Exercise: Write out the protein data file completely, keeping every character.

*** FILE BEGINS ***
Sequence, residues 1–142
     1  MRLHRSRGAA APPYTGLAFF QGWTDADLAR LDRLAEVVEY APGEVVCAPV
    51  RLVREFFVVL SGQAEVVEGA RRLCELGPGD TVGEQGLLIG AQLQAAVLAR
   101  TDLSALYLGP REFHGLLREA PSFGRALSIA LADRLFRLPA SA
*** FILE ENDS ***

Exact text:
Sequence, residues 1–142
     1  MRLHRSRGAA APPYTGLAFF QGWTDADLAR LDRLAEVVEY APGEVVCAPV
    51  RLVREFFVVL SGQAEVVEGA RRLCELGPGD TVGEQGLLIG AQLQAAVLAR
   101  TDLSALYLGP REFHGLLREA PSFGRALSIA LADRLFRLPA SA